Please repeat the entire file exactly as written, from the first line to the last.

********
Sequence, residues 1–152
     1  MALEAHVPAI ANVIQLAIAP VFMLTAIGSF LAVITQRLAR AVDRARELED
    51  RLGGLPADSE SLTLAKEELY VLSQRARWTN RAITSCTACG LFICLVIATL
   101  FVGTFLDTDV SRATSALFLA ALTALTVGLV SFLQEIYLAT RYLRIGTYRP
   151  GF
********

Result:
Sequence, residues 1–152
     1  MALEAHVPAI ANVIQLAIAP VFMLTAIGSF LAVITQRLAR AVDRARELED
    51  RLGGLPADSE SLTLAKEELY VLSQRARWTN RAITSCTACG LFICLVIATL
   101  FVGTFLDTDV SRATSALFLA ALTALTVGLV SFLQEIYLAT RYLRIGTYRP
   151  GF